I am in Little Rock, Arkansas, teaching a four-day series on my about-to-be-released book, The World to Come, by Lederer (www.messianicjewish.net). I’m having so much fun with the people in the church here in Little Rock I’m finding little time for anything else (such as my rabbinics class and blogging).
Anyway, Lederer will be releasing The World to Come on June 3 and I am very excited about this book. FEAST is a very exciting book in its own way, but The World to Come covers entirely different ground. I was excited to see that there is already a review of The World to Come on amazon.com (see it HERE). She says:
In “The World To Come” Derek truly hits on the inner parts of our souls, which responds intuitively to the beauty of creation, and pulls us to the hope of the world to come. My obscure, somewhat distant view of our eternal future has been at once clarified, and made more real.
Anyway, here is an excerpt:
[From the end of Chapter 2: “The Vision of the Prophets”]
One of my favorite expressions about the World to Come is from Micah, a prophet who was a contemporary to Isaiah. He said:
They shall sit every man under his vine and under his fig tree, and no one shall make them afraid.
God’s idea of the World to Come is every person with their own vine and fig tree. It was a common expression in biblical times for peace and prosperity.
The prophets envisioned an agricultural paradise in the World to Come. Who are we to gainsay the word of God? Maybe the agricultural part is literal. Even if it is not, I am in love with God’s plan that the World to Come has mountains, rivers, and trees.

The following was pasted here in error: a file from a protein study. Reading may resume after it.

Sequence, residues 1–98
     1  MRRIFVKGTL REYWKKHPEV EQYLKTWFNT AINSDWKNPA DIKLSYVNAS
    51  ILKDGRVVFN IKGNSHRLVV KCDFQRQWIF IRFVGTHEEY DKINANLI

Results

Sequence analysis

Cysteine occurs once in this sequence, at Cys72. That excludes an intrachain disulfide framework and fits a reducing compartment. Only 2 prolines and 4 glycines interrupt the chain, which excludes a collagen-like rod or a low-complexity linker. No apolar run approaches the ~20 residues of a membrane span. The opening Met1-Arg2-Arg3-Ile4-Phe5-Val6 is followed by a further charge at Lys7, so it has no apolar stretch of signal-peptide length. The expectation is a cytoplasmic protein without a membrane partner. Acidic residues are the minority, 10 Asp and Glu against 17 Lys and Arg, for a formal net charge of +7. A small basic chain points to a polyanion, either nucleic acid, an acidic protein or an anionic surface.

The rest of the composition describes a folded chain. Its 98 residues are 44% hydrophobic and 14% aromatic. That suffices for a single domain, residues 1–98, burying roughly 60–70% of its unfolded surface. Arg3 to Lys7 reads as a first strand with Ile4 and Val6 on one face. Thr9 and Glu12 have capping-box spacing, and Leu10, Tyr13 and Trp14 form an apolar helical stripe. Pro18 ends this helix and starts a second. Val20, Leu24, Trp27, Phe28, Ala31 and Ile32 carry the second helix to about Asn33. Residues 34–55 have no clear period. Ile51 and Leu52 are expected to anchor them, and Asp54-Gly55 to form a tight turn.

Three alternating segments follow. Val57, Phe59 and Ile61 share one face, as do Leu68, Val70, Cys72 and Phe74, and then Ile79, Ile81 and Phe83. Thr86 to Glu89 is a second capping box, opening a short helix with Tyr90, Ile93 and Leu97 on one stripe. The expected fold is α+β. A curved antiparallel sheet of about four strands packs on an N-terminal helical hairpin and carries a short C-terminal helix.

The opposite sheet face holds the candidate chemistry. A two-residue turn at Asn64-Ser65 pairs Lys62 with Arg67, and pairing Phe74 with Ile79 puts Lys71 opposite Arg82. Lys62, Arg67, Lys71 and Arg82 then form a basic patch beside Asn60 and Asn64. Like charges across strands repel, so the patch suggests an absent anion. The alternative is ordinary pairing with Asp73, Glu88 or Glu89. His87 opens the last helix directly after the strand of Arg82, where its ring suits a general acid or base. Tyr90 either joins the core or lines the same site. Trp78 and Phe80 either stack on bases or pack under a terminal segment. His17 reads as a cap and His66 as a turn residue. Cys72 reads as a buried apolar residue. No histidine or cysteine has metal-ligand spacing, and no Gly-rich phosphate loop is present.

This is not the view of witless shadows in a murky world or disembodied spirits on the Blessed Isles. This is not the view of white-robed saints playing harps on clouds (who made that up anyway?). In the prophetic vision, the good things of this world are better in the World to Come.
That is a meaningful statement. The good things of this world are better in the World to Come. C.S. Lewis captured the image beautifully in his book The Great Divorce. A busload of residents from hell get a field trip to heaven (just go with the fiction here and don’t worry about whether the story is literal). As the tourists get off the bus, they appear transparent. They cannot move the slenderest blade of grass. In fact, they are like ghosts and the grass appears through their feet as if they were made of mist. Then the protagonist realizes something; the people are not ghosts. They are the same as they have always been. It is heaven that is different:
The men were as they had always been; as all the men I had known had been perhaps. It was the light, the grass, the trees that were different; made of some different substance, so much solider than things in our country that men were ghosts by comparison.
The World to Come is like our world only better. Perhaps, as Lewis imagined, even the light will be better.
We really should not be surprised by this physicality. It is what God expressed in the beginning. In Genesis 1 he said over and over, “It is good.” Before Adam and Eve fell they had “every tree that is pleasant to the sight and good for food.” Only afterwards would agriculture be a backbreaking chore and childbirth a pain almost to death.
That means we were not so wrong when a landscape painting awoke in us a desire for heaven. The romantic feelings we felt about some faerie land or about Narnia or Middle Earth or a Disney scene were a longing to be where we are intended to be. We are not wrong when we admire the ocean or a tall hill and dream of adventure. We were made for paradise after all.